A US prison in Iraq—dubbed “Jihadi University”—gave birth to the Islamic State

Welcome to Camp Bucca, circa 2009.
Welcome to Camp Bucca, circa 2009.
Image: AP/Dusan Vranic
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We know an awful lot about the rise of ISIL, or the Islamic State—including where it got its start.

There are ”many strands of blame,” according to a recent New York Times article (paywall), but an indisputable element is Camp Bucca, an American prison in southern Iraq during the US occupation. It was there that many of the key figures in the group that would succeed al-Qaida in Iraq and go on to form what it calls a caliphate across parts of Iraq and Syria met—including the current leader of the group, Abu Bakr al-Baghdadi.

It was sometimes referred to as “Jihadi University” because of the training provided there. “If you were looking to build an army, prison is the perfect place to do it,” Maj. Gen. Douglas Stone, a prison commander in Iraq, is quoted by the Times as saying. “We gave them health care, dental, fed them, and most importantly, we kept them from being killed in combat.”

Andrew Thompson, a veteran of the US war in Iraq, wrote in 2014 (paywall) that ”the radicalization of the prison population was evident to anyone who paid attention.” Al-Baghdadi and other extremists were imprisoned alongside moderates, many of whom had no history of violence. Thompson wrote:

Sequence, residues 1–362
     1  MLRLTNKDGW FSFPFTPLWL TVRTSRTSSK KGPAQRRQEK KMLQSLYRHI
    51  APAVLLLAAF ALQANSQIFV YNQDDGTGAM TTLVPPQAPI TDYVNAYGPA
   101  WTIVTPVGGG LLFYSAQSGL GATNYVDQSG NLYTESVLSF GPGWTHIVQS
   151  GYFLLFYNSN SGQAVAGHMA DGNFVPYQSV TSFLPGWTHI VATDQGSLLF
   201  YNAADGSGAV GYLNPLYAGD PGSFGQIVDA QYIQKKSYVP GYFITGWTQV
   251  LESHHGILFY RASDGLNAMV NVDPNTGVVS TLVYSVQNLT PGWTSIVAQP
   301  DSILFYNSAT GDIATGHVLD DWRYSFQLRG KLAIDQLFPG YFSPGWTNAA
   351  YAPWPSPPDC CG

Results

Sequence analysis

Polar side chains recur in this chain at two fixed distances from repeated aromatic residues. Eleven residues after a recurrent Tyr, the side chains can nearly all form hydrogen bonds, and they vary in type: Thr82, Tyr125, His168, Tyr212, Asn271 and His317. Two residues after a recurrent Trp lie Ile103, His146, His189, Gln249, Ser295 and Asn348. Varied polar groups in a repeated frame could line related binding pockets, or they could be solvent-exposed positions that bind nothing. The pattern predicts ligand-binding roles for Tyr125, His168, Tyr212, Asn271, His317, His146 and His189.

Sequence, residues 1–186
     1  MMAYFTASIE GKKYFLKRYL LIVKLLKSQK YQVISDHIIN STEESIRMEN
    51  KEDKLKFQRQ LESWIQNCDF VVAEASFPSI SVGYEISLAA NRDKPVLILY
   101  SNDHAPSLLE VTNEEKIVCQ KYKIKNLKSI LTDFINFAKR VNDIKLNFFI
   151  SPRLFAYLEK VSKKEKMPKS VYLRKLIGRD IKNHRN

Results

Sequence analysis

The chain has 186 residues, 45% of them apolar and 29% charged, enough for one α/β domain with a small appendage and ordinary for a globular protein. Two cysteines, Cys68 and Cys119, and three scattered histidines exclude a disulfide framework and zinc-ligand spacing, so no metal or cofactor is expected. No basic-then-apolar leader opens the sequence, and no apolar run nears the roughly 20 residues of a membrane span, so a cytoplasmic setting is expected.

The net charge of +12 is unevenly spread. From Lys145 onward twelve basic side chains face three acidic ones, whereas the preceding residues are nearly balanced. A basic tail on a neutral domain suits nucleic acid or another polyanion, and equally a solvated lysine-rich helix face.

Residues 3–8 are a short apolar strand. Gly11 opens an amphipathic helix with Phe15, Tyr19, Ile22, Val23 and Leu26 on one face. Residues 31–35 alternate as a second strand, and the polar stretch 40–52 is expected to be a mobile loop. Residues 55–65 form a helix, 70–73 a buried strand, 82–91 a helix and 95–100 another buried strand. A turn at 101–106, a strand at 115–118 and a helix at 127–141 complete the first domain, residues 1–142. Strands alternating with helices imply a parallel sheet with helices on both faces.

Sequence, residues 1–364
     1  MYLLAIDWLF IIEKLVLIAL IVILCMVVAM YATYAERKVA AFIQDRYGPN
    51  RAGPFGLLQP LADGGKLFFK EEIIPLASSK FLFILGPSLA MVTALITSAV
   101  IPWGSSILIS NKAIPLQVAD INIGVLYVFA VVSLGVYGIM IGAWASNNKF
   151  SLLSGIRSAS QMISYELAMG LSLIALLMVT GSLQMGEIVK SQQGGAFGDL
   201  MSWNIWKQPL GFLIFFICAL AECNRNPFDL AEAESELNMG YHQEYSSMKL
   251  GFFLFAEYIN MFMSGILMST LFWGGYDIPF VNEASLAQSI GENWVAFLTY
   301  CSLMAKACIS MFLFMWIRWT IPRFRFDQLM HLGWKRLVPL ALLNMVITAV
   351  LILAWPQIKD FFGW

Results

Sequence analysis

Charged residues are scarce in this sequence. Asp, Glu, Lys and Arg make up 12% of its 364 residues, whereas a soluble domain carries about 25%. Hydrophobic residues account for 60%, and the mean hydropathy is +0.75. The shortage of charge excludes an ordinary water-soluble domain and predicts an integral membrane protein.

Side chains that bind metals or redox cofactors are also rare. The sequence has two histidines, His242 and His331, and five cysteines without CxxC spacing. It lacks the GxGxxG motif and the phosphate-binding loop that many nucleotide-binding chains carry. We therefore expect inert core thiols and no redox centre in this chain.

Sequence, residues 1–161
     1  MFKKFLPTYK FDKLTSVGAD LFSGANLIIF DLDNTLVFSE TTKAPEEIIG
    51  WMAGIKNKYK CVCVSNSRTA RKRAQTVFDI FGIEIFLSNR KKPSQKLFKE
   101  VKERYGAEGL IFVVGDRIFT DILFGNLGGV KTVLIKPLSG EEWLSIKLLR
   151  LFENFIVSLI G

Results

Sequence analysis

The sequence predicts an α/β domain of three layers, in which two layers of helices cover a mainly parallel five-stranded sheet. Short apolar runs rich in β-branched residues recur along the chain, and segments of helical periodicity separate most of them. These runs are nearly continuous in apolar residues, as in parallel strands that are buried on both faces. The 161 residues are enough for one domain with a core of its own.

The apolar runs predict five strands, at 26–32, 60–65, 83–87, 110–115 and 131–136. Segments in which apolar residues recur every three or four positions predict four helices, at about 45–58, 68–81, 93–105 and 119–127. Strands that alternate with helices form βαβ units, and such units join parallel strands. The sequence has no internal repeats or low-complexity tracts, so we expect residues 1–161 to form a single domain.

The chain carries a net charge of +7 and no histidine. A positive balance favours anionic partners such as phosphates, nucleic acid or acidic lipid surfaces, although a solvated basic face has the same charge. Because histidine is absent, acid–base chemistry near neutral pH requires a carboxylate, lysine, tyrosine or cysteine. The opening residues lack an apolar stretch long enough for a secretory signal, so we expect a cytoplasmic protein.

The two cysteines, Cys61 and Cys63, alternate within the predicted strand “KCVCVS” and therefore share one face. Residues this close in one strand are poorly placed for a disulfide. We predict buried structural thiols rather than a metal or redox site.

At Camp Bucca, the extremists forced moderate detainees to listen to clerics who advocated jihad. The majority of prisoners were illiterate, so they were particularly susceptible. Prisoners frequently refused medical attention and vocational training for fear of breaking religious rules. The prisons became virtual terrorist universities: The hardened radicals were the professors, the other detainees were the students, and the prison authorities played the role of absent custodian.

About 100,000 individuals were detained in American-run prisons in Iraq between 2004 and 2011.

Abu Ahmed, a senior official within ISIL, said Camp Bucca was “the perfect environment” for jihadists to learn from each other and scheme for the future in an interview to The Guardian in 2014:

We had so much time to sit and plan. We could never have all got together like this in Baghdad, or anywhere else… It would have been impossibly dangerous. Here, we were not only safe, but we were only a few hundred metres away from the entire al-Qaida leadership.

We all agreed to get together when we got out. The way to reconnect was easy. We wrote each other’s details on the elastic of our boxer shorts. When we got out, we called. Everyone who was important to me was written on white elastic. I had their phone numbers, their villages. By 2009, many of us were back doing what we did before we were caught. But this time we were doing it better.

Another former detainee, Adel Jasim Mohammed, who spoke to al-Jazeera in 2009, said he witnessed inmates “giving courses using classroom boards on how to use explosives, weapons and how to become suicide bombers.” The Americans in charge, he said, “did not stop them.”

Now, ISIL is the biggest terrorist group in the world. As for what happened to Camp Bucca? It has been transformed into a hotel (paywall).